Besides 14 states and three UTs, eight central police organisations, six central armed police forces (CAPFs) and seven NGOs have submitted views on possible changes in several British-era laws in force for decades.
Addressing the 51st Foundation Day of Bureau of Police Research and Development (BPR&D) here, Shah said the organisation, a key part of the consultation process that has been on for nearly two years now, offered “constructive suggestions” as part of the Centre’s efforts to overhaul laws and bring them in sync with modern times and Indian conditions.
According to sources, the home ministry’s consultation exercise also covers courts and bar associations. “It is a work in progress,” said a government functionary. In his speech, Shah referred to the fact that sometimes police face unfair criticism though they are often tasked with difficult and sensitive assignments.
Though Shah did not elaborate on the suggestions, stakeholders including civil rights activists have been demanding scrapping of Section 124A (sedition) of IPC on grounds of being vague and open to misinterpretation and misuse to stifle free speech. While anti-national activities will need to be made punishable under a statute, experts have suggested restrictions or guidelines to prevent misuse.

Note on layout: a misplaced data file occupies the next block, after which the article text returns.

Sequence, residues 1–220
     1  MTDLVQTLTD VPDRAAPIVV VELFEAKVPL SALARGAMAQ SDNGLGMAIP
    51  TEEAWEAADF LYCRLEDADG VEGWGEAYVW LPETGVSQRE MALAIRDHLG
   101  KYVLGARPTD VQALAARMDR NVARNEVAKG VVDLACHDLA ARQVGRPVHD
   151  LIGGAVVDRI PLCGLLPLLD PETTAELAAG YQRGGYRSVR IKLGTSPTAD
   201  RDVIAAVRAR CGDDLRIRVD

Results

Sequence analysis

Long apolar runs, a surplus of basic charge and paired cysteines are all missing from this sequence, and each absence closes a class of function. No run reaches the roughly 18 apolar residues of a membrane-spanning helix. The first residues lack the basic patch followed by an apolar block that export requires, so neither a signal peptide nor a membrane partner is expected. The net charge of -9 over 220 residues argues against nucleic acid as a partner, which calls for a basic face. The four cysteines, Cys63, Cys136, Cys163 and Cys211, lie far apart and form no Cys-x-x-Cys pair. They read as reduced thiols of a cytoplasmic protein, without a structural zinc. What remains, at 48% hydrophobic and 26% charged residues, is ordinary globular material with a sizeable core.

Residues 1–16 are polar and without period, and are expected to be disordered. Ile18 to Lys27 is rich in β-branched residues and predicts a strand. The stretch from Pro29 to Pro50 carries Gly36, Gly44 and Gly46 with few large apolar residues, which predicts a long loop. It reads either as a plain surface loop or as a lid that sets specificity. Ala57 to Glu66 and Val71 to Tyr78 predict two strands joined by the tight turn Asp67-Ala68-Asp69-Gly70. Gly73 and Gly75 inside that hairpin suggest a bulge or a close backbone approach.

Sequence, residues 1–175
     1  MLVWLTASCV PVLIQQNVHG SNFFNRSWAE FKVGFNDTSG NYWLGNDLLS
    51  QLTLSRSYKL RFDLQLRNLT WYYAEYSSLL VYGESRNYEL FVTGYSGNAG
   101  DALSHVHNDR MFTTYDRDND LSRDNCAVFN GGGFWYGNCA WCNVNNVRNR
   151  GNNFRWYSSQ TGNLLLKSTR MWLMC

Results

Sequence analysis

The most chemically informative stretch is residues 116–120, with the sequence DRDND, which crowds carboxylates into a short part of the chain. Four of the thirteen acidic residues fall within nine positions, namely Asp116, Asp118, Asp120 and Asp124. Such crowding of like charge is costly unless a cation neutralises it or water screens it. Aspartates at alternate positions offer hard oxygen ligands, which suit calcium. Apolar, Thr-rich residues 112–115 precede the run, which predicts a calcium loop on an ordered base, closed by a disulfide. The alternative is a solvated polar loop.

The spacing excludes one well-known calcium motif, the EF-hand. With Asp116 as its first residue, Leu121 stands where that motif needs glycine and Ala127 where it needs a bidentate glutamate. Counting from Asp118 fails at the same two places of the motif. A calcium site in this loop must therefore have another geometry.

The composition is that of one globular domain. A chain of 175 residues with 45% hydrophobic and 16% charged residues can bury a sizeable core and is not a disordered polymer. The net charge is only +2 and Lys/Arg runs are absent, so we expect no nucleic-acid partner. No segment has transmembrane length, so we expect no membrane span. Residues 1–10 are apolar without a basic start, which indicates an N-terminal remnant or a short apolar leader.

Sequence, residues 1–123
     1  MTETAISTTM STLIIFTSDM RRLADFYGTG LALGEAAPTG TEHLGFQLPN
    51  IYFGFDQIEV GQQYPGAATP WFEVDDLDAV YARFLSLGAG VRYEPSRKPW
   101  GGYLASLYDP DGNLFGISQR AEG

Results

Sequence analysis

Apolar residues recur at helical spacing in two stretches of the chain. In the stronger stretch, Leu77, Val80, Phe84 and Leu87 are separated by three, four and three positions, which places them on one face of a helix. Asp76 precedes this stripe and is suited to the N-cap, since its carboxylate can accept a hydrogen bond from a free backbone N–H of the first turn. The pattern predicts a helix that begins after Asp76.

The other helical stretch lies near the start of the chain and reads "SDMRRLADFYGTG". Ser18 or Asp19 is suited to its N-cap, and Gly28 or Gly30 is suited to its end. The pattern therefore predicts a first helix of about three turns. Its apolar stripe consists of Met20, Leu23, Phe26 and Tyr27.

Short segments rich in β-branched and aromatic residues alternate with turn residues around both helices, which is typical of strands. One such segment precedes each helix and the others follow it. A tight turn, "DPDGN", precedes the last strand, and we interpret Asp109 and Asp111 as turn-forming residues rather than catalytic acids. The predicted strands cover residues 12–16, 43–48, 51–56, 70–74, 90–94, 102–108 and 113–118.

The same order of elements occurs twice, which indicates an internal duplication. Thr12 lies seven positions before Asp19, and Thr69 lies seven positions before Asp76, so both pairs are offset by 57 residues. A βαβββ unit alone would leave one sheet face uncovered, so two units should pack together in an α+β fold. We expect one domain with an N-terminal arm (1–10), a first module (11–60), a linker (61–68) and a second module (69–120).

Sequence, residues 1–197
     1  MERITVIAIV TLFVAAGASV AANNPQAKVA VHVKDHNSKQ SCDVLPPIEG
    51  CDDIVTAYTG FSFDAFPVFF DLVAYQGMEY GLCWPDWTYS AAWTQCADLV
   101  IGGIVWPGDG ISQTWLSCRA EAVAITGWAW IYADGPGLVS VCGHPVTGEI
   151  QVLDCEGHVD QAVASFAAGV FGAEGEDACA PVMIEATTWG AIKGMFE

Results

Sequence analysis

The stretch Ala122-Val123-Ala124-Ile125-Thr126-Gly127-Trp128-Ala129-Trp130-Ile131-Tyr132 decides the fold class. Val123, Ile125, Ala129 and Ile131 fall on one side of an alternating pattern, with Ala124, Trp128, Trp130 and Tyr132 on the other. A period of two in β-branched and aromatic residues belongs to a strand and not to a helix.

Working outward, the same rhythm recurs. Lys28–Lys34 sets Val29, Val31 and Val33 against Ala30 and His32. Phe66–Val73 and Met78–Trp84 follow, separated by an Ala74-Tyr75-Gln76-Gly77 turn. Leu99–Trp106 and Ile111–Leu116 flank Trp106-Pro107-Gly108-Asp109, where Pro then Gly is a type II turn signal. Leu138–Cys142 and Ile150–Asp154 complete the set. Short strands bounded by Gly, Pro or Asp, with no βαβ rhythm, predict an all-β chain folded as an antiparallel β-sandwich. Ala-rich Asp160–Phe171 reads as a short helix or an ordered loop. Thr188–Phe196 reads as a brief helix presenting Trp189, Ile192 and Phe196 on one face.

A section has also sought review of bail provisions to protect the disadvantaged who cannot arrange bail money. Another key reform sought relates to hate crimes like lynching, which currently are dealt under IPC provisions relating to murder.
There is also a view that misuse of mercy petition provision by death-row convicts to buy time before facing the gallows should be stopped by suitably amending the relevant laws.
Shah also referred to drone attacks, cyber attacks, narcotics trafficking, fake currency and hawala trade as the biggest challenges for police forces and asked the BPR&D to assess the nature of these problems and study best practices worldwide to devise effective and timely solutions.
The event on Saturday was attended by MoS home Nityanand Rai, home secretary Ajay Bhalla, Intelligence Bureau director Arvinda Kumar, BPR&D DG Balaji Srivastava and several senior serving and retired officers of MHA and central armed police forces.
Impressing upon the need to strengthen the “beat system”, Shah asked the BPR&D to step up efforts to revive and technically upgrade this mechanism for better ground-level policing.
Alleging a campaign to spoil the image of police by highlighting negative stories and ignoring the positive developments, Shah suggested that the good work of police forces during Covid times should be documented by the central forces as well as all state police.
Courtesy – timesofindia.indiatimes.com